All models of product that fall under the Greenhouse and
Energy Minimum Standards Act must be registered to make sure that
they comply with the relevant GEMS determinations.
The drive for energy efficiency is nothing new and there has
been work over many years to improve our performance in this area
for various reasons including energy security, economic efficiency
and greenhouse gas reduction.
Last week there was a large leap forward when the Federal
Parliament passed the Greenhouse and Energy Minimum Standards Act
2012. The Act's purpose is to promote the development and
adoption of products to reduce energy use and greenhouse gas
production by applying Greenhouse and Energy Minimum Standards
(GEMS) in association with the supply and commercial use of
products that use energy, or affect the energy used by another
A wide range of products will be affected, as the changes expand
the current scheme beyond products such as industrial and domestic
heating and refrigeration, and ordinary household whitegoods and
electronics, to include building supplies such as piping, glass,
and insulation, and more energy sources.
What does this Act do that the Energy Efficiency Program
doesn't already do?
In 1992 the Energy Efficiency Program (E3) was established to
co-ordinate energy efficiency activities. The E3 scheme operates on
a national basis through co-operative action by the Territory and
State governments, and with New Zealand. The challenges include
relatively high compliance costs and complexity because of the
The Act is intended to address these inconsistencies. It also
seeks to expand the program to drive further efficiency by
including more energy sources such diesel and gas, and also extend
to products that impact on energy use such as insulation and glass.
The program will continue to operate on a trans-Tasman basis though
it is noted that there are some inconsistencies between the New
Zealand and Australian schemes.
What are GEMS determinations and how do they affect
GEMS determinations set standards for particular products, such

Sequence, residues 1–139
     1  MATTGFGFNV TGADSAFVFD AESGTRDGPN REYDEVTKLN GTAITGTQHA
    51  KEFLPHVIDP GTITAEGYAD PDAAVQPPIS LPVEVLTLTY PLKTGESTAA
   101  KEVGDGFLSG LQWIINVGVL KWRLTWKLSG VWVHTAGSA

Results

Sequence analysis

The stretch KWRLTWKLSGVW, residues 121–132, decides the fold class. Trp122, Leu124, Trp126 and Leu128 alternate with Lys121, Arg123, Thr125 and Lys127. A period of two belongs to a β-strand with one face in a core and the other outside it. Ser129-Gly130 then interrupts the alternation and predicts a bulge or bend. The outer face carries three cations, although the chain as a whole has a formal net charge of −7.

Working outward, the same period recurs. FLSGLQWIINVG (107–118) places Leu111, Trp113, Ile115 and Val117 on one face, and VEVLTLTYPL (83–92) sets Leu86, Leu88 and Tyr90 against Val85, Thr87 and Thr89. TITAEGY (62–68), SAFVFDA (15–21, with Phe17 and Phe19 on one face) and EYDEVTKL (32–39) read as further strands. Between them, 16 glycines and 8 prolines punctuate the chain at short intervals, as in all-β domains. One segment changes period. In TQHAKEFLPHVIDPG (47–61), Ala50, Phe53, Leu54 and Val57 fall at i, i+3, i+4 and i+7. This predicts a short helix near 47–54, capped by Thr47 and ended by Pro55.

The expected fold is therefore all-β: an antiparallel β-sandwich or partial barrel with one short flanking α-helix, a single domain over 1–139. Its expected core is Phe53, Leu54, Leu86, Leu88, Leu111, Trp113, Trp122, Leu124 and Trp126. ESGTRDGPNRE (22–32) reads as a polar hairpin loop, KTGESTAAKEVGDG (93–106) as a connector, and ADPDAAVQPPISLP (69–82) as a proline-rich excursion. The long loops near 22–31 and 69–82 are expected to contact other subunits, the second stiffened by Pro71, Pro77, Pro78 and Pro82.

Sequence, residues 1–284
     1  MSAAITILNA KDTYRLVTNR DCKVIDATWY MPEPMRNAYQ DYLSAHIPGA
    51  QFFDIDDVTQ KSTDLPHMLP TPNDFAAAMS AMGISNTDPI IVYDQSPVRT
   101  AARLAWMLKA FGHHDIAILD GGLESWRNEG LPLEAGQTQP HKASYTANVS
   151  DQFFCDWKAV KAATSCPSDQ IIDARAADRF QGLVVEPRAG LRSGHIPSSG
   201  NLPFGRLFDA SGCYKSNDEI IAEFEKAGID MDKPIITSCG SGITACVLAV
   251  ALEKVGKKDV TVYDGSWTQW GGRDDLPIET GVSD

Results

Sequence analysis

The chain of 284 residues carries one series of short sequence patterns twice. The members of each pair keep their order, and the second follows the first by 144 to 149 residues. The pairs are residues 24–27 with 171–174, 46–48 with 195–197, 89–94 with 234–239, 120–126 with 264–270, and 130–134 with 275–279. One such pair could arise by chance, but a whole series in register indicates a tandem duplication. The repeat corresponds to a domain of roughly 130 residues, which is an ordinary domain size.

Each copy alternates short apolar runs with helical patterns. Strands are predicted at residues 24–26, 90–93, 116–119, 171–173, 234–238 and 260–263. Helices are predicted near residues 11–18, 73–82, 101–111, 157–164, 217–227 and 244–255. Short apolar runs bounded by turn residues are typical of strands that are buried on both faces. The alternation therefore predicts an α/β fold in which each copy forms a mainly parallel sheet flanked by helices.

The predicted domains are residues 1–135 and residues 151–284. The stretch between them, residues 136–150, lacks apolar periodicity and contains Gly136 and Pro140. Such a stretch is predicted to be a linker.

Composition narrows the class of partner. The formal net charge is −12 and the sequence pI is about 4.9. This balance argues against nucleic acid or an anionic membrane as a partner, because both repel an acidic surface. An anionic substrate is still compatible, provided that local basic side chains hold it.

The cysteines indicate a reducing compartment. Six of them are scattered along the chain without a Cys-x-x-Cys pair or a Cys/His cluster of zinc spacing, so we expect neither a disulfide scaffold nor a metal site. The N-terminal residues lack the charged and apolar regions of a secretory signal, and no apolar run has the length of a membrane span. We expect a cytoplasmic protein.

as minimum standards of performance in relation to energy use or
emissions intensity or other criteria that may be identified in the
Generally speaking an appliance or piece of equipment covered by
the legislation can only be supplied or offered for supply, or used
for a commercial purpose, if:
the model of the product is registered under this Act;
the product complies with the GEMS determination; and
supply, offer or use of the product complies with the GEMS
Generally, all models of product that fall under this
legislative scheme will be registered to make sure that they comply
with the relevant determinations. A senior officer of the
Department of Climate Change and Energy Efficiency will be
responsible for the registration system and more broadly the
administration of this Act and will be known as the GEMS
Inspectors appointed under the Act will monitor compliance with
the rules about supply and the commercial use of products.
What if you don't comply with the Act?
Failure to comply with this Act may result in prosecution for an
offence or exposure to a liability for a civil penalty. The details
of offences may be published. Decisions under this Act may be
appealed internally and then to the Administrative Appeals
Tribunal. The Act includes protections against the use of
commercially sensitive information.
Important points to note
The Act may operate concurrently with State or Territory
legislation and where the State or Territory standards are more
stringent than those specified in the GEMS determination, the more
stringent standards will apply.
Products that are deemed to have a higher impact on energy use
or greenhouse gas production attract higher penalty levels where
there are contraventions of the Act.
The Act takes a very broad view of supply and includes sale,
exchange, gift, lease, loan, hire or hire-purchase, and it is
irrelevant whether the supply is for consideration or for wholesale
or retail supply.
The Act is intended to commence operation on 1 October 2012, or
when it receives Royal Assent.
The expanded program will ensure that Australian governments can
continue to encourage the development of energy efficient products
that meet the needs of Australian households and businesses.
Whether or not the stated intention of reducing the complexity of
compliance for Australian business will be achieved is yet to be
Clayton Utz communications are intended to provide
commentary and general information. They should not be relied upon
as legal advice. Formal legal advice should be sought in particular
transactions or on matters of interest arising from this bulletin.
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